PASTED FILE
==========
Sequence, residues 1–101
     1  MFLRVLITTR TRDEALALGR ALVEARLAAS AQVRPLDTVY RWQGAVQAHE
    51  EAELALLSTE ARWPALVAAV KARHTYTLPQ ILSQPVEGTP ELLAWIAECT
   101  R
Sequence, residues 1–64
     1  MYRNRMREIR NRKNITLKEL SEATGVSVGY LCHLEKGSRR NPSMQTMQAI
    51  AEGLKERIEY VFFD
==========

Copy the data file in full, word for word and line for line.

Sequence, residues 1–101
     1  MFLRVLITTR TRDEALALGR ALVEARLAAS AQVRPLDTVY RWQGAVQAHE
    51  EAELALLSTE ARWPALVAAV KARHTYTLPQ ILSQPVEGTP ELLAWIAECT
   101  R
Sequence, residues 1–64
     1  MYRNRMREIR NRKNITLKEL SEATGVSVGY LCHLEKGSRR NPSMQTMQAI
    51  AEGLKERIEY VFFD